More products are being imported to the US from China than ever before – but a series of scares has left some wondering whether they are safe.
From pet food to toothpaste, tyres to jewellery and seafood to toys, questions have been raised over the reliability of Chinese-made goods.
A lesson may lie in the approach taken by the fireworks industry, which has focused on education and stringent product testing within China.
In the late 1980s and early 1990s, standards for Chinese-made fireworks were so low that as many as 75% failed US safety tests.
To tackle the problem, US importers were encouraged to pay for a testing operation set up in China – the American Fireworks Standards Laboratory (AFSL) – to monitor production straight from the assembly line. Click to read the full story.
When buying fireworks, make sure they comply with BS 7114 and are clearly marked for their intended use “Indoor, Garden or Display”.
Fireworks complying with the BS 7114 are limited as to the explosive content, have recommended safe distances for viewing them and have strict times for how long the fuse will burn to enable people to move out of the way.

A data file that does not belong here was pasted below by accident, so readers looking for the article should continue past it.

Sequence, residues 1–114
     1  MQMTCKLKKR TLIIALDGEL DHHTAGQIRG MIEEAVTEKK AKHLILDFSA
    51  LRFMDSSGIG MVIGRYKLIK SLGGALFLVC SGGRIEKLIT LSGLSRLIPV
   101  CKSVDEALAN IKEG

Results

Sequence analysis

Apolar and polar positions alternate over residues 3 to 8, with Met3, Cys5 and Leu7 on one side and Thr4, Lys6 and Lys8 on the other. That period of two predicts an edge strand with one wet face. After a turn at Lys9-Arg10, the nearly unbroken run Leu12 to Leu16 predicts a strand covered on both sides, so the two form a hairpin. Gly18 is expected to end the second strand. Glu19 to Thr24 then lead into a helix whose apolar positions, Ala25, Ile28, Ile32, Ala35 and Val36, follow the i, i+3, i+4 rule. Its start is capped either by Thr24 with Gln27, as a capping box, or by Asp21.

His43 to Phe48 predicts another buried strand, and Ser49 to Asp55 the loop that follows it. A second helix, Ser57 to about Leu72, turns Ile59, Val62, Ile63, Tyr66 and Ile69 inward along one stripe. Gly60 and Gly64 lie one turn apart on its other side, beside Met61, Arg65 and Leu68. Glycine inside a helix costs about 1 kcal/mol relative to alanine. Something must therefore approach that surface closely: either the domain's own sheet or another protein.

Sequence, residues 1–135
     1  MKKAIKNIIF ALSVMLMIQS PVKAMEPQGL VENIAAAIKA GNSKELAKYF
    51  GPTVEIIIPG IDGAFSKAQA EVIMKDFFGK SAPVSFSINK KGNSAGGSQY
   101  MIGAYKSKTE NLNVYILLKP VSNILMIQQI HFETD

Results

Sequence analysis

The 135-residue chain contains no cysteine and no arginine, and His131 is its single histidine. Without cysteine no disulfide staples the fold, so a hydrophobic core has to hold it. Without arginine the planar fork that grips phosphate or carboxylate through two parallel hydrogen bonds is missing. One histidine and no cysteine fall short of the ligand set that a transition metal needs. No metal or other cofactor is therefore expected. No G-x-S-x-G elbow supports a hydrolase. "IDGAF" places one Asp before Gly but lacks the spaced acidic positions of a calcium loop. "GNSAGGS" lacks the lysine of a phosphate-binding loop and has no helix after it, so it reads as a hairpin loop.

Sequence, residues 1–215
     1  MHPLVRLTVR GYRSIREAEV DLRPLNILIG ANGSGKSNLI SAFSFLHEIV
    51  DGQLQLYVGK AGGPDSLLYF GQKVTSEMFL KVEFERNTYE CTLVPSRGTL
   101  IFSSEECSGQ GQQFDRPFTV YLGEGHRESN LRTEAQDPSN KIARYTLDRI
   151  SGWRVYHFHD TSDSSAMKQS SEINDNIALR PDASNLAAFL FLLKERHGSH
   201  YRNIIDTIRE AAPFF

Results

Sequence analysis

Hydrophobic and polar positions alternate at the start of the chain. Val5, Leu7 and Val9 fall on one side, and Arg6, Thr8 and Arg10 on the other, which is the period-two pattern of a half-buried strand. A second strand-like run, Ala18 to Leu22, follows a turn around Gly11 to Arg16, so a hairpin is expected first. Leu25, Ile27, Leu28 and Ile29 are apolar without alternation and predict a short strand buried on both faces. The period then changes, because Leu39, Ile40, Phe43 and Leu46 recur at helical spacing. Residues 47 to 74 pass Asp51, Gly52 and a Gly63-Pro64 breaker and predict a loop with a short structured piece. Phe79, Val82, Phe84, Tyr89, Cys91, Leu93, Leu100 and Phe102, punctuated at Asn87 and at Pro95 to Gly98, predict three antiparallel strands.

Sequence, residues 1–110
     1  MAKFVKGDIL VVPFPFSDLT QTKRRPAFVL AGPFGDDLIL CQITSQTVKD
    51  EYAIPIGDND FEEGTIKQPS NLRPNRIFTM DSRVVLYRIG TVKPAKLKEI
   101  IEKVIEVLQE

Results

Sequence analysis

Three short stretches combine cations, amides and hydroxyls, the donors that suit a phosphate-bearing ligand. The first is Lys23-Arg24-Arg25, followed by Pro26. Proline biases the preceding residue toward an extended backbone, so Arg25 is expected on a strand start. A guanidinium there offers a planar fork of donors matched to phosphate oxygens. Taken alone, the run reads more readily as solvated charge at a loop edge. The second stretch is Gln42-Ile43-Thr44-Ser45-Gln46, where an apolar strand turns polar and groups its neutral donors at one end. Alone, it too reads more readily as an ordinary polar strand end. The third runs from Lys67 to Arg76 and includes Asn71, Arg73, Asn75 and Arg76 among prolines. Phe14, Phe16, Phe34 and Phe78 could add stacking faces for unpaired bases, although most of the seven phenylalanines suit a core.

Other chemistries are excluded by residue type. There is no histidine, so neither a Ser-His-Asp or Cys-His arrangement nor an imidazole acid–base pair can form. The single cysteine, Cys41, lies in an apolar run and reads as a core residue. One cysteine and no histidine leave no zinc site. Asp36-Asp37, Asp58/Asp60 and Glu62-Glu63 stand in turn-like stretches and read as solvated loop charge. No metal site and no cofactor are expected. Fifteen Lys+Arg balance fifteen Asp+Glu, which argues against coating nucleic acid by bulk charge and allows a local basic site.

The Firework Code
Keep fireworks in a sealed box or tin
Use them one at a time, replacing the lid immediately
NEVER put fireworks in your pocket
Read the instructions carefully, using a torch or hand lamp
NEVER use a naked flame
Light fireworks at arms length using a taper or a firework lighter
Stand well back and NEVER return to a firework after it has been lit, it could explode in your face
Ensure that all children with fireworks are well supervised
NEVER throw fireworks
Don’t drink alcohol if setting off fireworks
Keep all pets and animals indoors
Take care with sparklers, wear gloves to hold them and dispose of sparklers in a bucket of water as soon as they are finished.
It is an offence (punishable by fine) to let fireworks off in a public place.
It is also an offence (also punishable by fine) for anyone under the age of 18 to be in possession of a firework (other than a sparkler) in a public place.
A public place is anywhere other than your back garden, and includes streets, parks and playgrounds – in fact any place members of the public have access to at the time, whether or not an admission fee is payable.
It is illegal to let fireworks off during night hours (11pm to 7am), except on Bonfire Night (until midnight), Diwali, New Year, and Chinese New Year (until 1am).
It is illegal for shopkeepers to break open retail packets of fireworks and sell them individually. This is because the instructions are printed on the packet and not on the individual fireworks.
Pets get very frightened on fireworks night, so keep all your pets indoors and close all the curtains to make things calmer. Remember it’s not just your own fireworks that cause distress, so you may have to have your pets indoors on several nights when other displays are taking place.